Groove Column: in praise of middle-men.

Just before Christmas, awful news. Nilesh Patel, ace mastering engineer at the Exchange in London died suddenly. He was 41. Within minutes warm tributes flowed across the internet for a man whose technical skills made recorded music better, and whose signature is etched into my copies of ‘Homework’ and ‘Homogenic’. Nilz mastered my first album; what should have been a completely nerve-wracking afternoon became massively enjoyable, even magical, as he made something listenable and coherent out my ham-fisted efforts.

We lavish a lot of attention upon art and artists in the pages of blogs like this, but not much on the craft and craftspeople whose shoulders they stand upon. And the line between the two isn’t always clear. ‘Raging Bull’ or ‘Goodfellas’ might be among your favourite films but you’ll put this down to Scorsese or De Niro. You probably haven’t heard of Thelma Schoonmaker, Marty’s editor for the past thirty years and quite as much of a genius. I heard her lecture nearly two decades ago and it was an inspiration; when I’m producing and mixing, compiling takes, organising sounds I think about her advice on creating rhythm, selecting performance and shaping narrative.

I worry for these people, their industries beset by aggregators and content factory-farmers touting business models which only work if you cut costs to bugger-all. It’s not cheap to record with a decent engineer, have your book copy-edited or get your record cut properly, and when we’re told music, books and movies should be sold at marginal cost (if you feel like paying for them at all), then it gets harder to afford those who help to weigh-up, polish, refine and sculpt raw ideas into finished things.

They will tell you that this is the age of DIY, of cutting out middle-men, but I am thankful for the A&Rs who’ve stood behind my musical choices, the editors who’ve focussed my arguments, the shop assistants who’ve shoved my record into a punter’s hands and said ‘have you heard this? I reckon you’ll love it’. Some things can’t be replaced with an API or an algorithm. Well, they can. Instead of paying the next Nilz Patel you could master your album yourself with a crack of Ozone. But your work, and maybe the world at large, will be the poorer for it.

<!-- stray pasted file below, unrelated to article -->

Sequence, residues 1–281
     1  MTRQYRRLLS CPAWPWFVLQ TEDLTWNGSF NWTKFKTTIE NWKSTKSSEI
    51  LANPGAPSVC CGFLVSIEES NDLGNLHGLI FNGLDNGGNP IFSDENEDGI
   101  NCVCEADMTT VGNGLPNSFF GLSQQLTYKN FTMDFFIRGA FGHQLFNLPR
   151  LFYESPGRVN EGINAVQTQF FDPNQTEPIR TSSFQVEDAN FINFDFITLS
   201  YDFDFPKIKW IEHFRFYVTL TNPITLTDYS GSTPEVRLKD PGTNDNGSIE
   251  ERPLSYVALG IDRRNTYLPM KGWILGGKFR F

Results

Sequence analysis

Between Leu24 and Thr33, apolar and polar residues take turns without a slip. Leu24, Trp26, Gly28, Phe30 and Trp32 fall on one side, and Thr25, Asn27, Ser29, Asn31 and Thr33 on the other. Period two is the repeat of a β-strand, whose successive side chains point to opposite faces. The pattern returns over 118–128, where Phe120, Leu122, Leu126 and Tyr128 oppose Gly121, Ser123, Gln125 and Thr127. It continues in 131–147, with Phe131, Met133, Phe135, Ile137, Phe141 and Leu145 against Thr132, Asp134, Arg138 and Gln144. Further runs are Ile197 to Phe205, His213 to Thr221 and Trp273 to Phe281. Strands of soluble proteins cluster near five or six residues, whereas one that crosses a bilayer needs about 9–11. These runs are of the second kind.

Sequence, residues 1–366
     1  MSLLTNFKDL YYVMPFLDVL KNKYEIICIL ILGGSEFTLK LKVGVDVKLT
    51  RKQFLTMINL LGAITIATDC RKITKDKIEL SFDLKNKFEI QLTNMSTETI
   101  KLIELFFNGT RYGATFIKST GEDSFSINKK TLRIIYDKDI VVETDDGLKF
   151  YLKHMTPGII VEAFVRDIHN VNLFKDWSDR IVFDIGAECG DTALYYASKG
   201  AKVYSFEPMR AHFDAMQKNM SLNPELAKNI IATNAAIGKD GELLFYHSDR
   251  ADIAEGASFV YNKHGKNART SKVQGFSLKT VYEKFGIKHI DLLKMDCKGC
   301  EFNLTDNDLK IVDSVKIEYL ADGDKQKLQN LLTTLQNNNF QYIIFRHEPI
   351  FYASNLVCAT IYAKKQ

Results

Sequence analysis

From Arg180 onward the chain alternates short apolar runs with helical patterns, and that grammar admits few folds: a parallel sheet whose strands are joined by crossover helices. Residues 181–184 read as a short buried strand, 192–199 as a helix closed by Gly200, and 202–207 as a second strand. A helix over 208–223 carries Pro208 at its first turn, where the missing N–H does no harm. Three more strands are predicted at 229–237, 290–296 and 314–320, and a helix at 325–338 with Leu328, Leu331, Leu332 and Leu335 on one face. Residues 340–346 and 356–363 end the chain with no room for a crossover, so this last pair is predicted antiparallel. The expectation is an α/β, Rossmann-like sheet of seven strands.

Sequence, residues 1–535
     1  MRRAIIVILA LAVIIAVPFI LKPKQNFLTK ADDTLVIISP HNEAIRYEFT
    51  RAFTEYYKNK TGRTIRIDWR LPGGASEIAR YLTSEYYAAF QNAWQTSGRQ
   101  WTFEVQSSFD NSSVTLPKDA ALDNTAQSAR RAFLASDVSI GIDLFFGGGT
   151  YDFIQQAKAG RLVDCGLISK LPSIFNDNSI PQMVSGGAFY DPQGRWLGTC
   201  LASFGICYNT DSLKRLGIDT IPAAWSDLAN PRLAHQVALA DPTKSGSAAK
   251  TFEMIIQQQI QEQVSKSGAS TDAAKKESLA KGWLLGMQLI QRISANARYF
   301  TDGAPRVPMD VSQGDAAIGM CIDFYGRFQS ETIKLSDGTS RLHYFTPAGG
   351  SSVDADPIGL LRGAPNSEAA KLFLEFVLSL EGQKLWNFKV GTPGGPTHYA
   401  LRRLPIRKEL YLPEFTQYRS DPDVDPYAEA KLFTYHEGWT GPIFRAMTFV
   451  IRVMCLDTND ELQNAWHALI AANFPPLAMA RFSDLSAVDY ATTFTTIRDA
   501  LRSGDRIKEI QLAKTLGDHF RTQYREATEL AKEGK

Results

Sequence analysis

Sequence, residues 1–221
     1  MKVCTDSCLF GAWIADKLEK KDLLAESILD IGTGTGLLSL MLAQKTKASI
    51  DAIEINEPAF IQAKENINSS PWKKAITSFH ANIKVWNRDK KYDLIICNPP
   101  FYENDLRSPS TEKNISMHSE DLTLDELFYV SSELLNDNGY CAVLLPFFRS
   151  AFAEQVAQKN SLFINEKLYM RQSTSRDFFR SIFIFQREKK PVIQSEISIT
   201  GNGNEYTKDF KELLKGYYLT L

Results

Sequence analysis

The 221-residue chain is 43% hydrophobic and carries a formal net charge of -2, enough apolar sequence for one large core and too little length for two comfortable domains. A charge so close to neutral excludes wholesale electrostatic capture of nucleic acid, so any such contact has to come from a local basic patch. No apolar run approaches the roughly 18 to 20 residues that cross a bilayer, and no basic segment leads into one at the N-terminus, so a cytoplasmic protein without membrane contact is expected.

One Response to “Groove Column: in praise of middle-men.”

  1. Rob says:

    I have very little time for music biz middlemen. But a mastering engineer is by no means a middleman. He’s a skilled contributor to the recorded work. How many artists can master at the highest level? Not many.

    I am also a passionate advocate of DIY and D2F but not to the extent that you do everything single thing yourself. And I don’t think many people would disagree. It’s not practical to believe DIY must be a go-it-alone business.

    That would make it some kind of religious pursuit. The aim is not to do without other people, it’s all about being in control and yes cutting out middlemen. But they are deadweights who add no value, not the people who have skills and assets you need.

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